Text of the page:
Taoiseach is on shaky ground despite denials
Historian Cyril Parkinson observed that: "Delay is the deadliest form of denial." Today, Taoiseach Enda Kenny is in Brussels to meet Angela Merkel, Europe's most important leader at a time of Europe's greatest crisis. The contrast between the positions of the two could hardly be more pronounced. Mr Kenny has rightly earned the respect of Ms Merkel; he delivered on behalf of the EU.
With buy-in from the Irish people, our economy bore the brunt of the crash, carrying colossal private debt. But there would be no domestic kudos for Mr Kenny. The election saw him shed 26 seats. Such losses would have, under normal circumstances, cost him the leadership of his party.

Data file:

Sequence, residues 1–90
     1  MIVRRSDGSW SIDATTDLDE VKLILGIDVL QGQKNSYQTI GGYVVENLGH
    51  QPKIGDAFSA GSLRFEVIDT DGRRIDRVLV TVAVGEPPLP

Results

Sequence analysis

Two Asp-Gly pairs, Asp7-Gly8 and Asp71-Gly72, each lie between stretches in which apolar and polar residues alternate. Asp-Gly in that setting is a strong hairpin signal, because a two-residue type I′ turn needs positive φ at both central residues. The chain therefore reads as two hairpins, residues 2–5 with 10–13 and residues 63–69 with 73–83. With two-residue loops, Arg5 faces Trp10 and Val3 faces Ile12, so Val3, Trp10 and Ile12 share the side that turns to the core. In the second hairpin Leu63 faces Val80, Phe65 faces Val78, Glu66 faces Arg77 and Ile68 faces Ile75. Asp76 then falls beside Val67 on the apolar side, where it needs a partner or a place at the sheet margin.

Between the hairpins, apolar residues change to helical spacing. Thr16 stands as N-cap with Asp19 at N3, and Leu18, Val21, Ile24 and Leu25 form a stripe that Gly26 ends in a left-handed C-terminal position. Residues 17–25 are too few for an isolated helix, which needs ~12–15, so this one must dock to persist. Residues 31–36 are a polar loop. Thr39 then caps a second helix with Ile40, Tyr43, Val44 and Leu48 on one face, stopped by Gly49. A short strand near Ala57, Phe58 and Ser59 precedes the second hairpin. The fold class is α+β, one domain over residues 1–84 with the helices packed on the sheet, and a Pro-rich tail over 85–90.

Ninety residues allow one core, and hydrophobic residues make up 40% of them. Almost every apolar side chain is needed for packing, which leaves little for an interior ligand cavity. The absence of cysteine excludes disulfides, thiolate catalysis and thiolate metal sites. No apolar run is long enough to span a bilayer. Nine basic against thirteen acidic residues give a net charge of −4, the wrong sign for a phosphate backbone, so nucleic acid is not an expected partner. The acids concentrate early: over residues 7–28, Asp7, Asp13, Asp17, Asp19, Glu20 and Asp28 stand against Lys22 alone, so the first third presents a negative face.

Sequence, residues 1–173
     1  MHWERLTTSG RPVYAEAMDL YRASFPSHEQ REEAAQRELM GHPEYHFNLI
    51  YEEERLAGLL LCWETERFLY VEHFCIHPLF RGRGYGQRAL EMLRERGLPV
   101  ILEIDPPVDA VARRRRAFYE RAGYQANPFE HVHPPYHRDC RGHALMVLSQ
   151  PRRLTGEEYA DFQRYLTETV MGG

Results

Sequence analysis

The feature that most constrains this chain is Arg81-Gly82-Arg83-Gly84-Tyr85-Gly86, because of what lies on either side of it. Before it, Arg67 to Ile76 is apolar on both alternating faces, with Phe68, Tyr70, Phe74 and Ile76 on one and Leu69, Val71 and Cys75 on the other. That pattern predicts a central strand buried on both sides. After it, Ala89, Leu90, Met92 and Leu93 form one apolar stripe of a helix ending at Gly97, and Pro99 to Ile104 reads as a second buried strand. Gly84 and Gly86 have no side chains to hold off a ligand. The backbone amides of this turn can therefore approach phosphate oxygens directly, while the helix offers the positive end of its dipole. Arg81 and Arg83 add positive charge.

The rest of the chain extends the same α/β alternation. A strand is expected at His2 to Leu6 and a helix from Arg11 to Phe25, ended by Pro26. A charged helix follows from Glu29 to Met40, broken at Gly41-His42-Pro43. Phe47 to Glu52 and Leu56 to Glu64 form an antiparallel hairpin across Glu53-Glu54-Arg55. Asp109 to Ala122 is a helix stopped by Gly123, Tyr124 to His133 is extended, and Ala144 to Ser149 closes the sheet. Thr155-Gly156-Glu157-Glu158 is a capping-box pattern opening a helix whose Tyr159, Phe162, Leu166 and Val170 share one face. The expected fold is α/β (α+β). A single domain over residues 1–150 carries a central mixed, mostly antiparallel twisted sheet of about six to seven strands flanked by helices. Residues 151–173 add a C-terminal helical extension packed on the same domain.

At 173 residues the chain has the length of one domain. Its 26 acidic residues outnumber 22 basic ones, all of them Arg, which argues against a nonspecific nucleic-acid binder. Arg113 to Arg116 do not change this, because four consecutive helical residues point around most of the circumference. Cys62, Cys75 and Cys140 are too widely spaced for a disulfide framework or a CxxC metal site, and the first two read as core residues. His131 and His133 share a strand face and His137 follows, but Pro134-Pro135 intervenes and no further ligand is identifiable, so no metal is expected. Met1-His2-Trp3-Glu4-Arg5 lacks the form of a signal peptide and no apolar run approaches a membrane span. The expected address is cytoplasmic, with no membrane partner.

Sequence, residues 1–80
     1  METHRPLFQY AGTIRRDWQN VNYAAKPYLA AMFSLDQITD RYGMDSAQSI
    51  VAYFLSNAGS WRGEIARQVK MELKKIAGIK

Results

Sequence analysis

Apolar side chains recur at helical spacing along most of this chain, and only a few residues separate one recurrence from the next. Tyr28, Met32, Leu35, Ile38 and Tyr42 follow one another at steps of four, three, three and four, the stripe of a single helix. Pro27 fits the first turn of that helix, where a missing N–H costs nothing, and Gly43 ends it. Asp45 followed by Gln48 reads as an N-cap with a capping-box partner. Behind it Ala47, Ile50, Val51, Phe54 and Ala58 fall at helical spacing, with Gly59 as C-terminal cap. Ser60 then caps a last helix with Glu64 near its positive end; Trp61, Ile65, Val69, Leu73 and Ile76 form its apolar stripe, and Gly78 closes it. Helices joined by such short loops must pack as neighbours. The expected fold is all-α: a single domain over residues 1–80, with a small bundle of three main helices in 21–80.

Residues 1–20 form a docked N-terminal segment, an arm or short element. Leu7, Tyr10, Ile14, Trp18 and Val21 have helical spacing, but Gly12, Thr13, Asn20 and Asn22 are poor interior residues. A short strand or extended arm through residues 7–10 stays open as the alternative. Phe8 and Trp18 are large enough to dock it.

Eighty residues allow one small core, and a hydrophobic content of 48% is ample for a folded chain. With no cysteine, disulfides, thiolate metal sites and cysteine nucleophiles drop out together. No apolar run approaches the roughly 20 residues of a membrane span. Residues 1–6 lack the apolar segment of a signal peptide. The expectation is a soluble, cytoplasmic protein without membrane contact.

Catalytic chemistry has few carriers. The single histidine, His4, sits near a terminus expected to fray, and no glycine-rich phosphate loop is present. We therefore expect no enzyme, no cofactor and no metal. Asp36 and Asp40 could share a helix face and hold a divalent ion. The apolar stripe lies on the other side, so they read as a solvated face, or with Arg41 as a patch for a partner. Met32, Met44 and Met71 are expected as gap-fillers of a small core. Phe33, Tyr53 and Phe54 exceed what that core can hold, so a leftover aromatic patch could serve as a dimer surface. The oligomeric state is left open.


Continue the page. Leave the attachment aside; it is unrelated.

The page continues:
But circumstances were not normal: although battered, as leader of the largest party, with the help of some unlikely independents - and an even more unlikely deal with Fianna Fáil - he found himself Taoiseach again. A couple of months on, the brutal truth is that the only people who stand to gain by Mr Kenny's remaining are in Fianna Fail. The opinion polls show a resurgent party, while Mr Kenny's support wanes. His party, meanwhile, seems to be suffering a paralysis by analysis. Yesterday, he said that he would not be diverted from his work. That would be admirable had he not created so much of the diversion himself.